Just outside the Chandler Center for the Arts gallery space, the Chandler folks have framed and displayed photographs and a few choice regional clippings about Marjory and her films. I pointed them out to Marge and savored them during the intermission in George’s show, and couldn’t help but meditate as well on the rightness of George and Gerianne including George’s films in the evening’s program, 85 years later. Marjory Wilson would have no doubt approved.
You Mystery Science Theater 3000 (aka MST 3000) fans may not know it, but you're already George Woodard fans. George's first lead role in a film was as the villainous J.K. Robertson of Rutland-based director David Giancola's debut feature, Time Chasers (originally titled Tangents, 1994), the first Edgewood Studios production of any scope -- and I could go on about Edgewood, but that's for another post, another time. Anyhoot, Time Chasers has been immortalized thanks to MST 3000's mercilessly ribbing of David's first sf opus, though it's also a solid example of resourceful low-budget filmmaking on its own modest terms. Judging from
If you want to sample George’s musical skills, check out the extras on the DVD for Disney/Buena Vista’s feel-good documentary America’s Heart and Soul (2004), in which George and friends perform one of his favorite tunes on the front yard of his farm and home, with its breathtaking view of the area. George figures prominently in the documentary, too, a ‘role’ -- himself -- he’s proud of in a film more attuned to George’s own world view than most of the narrative films he’s appeared in (though I personally find it cloying, largely for its relentless two-dimensional caricaturing of the fascinating people and personalities the film showcases -- but George loves it, so I won’t get into that any further).
All in all, George has racked up thirty years of farm and theatrical/film experience. He left Vermont for a stretch -- his family kept the farm going as he spent several years in Los Angeles honing his acting skills on stage and film -- until he was called back to Waterbury Center to take over the farm when his family no longer could. While farming, he's kept up his film and TV work and founded the Woodchuck Theatre Company, crafting numerous stage productions in northern and central Vermont. George has always loved community theater, and keeps that passion in practice -- he even played Dracula on stage! He and Gerianne co-founded Pasture Productions as an independent film offshoot of the Woodchuck Theatre Company, and Walter Hacks is the first fruit of that collaborative effort.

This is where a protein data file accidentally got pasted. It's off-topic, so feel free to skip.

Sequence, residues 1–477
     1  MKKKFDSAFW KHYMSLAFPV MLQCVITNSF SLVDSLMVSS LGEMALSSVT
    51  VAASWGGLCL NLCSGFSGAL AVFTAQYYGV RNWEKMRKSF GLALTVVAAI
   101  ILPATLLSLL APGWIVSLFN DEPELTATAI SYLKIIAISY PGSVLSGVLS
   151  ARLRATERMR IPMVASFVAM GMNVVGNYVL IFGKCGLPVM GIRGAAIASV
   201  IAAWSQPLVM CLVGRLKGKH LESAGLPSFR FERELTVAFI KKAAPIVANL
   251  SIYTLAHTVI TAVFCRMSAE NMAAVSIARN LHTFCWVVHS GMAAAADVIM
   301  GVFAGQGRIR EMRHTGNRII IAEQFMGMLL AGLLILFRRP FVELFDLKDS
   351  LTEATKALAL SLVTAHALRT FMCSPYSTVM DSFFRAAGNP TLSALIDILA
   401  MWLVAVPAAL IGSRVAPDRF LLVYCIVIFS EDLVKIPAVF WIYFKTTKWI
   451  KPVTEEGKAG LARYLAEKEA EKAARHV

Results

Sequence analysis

Walter Hacks producer and co-scripter Gerianne Smart is a real sweetie -- Marge and I love ya, Gerianne! -- and I’m happy whenever I get to see her and George in action. Gerianne was everywhere in the Chandler Saturday night, keeping the show running, the audience happy before the show (an audience composed in part of many friends from the area, including a row of some of George’s high school classmates), and it’s clear that Walter Hacks is a harmonious collaborative venture. Gerianne entered this collaboration with her own remarkable set of skills and lifelong passions -- she’s a full-time marketing, promotion and advertising professional who runs her company, Smart Communication, out of Ferrisburgh, on the other end of northern VT from where George's farm overlooks the mountains. She is also the advertising director for Vermont Life magazine, the state’s most venerable newsstand magazine. Gerianne’s passion for the stage and screen isn’t a recent one: she’s as much a veteran as George in that department, and if anything her credentials are more ‘respectable.' Gerianne is a graduate of the American Academy of Dramatic Arts; she lived and worked in New York City, and in her words “performed in many productions off-off (off!) Broadway” while appearing in industrials and the 1980s soap opera Loving. Gerianne relocated to Vermont in ‘91; her ongoing efforts to continue performing on stage, in regional theater, led to her involvement with the restoration of the historic Vergennes Opera House -- she in fact became the restoration organization’s president, instrumental in the reopening of the stage after a quarter-century of non-activity and the subsequent revitalization of Vergennes itself.